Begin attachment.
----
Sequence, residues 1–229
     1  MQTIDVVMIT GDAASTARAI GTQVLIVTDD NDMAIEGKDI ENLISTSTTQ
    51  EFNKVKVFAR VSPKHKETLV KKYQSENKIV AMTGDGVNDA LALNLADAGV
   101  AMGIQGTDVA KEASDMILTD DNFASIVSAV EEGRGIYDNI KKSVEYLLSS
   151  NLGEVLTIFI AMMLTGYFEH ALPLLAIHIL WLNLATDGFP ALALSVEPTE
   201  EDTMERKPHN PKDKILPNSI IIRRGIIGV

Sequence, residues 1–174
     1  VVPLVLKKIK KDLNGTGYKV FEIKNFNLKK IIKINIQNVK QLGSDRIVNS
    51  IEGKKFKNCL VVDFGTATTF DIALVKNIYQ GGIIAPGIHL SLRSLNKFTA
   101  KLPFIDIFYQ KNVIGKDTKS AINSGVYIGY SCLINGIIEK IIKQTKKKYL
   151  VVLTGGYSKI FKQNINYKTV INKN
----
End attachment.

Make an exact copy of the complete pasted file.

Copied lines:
Sequence, residues 1–229
     1  MQTIDVVMIT GDAASTARAI GTQVLIVTDD NDMAIEGKDI ENLISTSTTQ
    51  EFNKVKVFAR VSPKHKETLV KKYQSENKIV AMTGDGVNDA LALNLADAGV
   101  AMGIQGTDVA KEASDMILTD DNFASIVSAV EEGRGIYDNI KKSVEYLLSS
   151  NLGEVLTIFI AMMLTGYFEH ALPLLAIHIL WLNLATDGFP ALALSVEPTE
   201  EDTMERKPHN PKDKILPNSI IIRRGIIGV

Sequence, residues 1–174
     1  VVPLVLKKIK KDLNGTGYKV FEIKNFNLKK IIKINIQNVK QLGSDRIVNS
    51  IEGKKFKNCL VVDFGTATTF DIALVKNIYQ GGIIAPGIHL SLRSLNKFTA
   101  KLPFIDIFYQ KNVIGKDTKS AINSGVYIGY SCLINGIIEK IIKQTKKKYL
   151  VVLTGGYSKI FKQNINYKTV INKN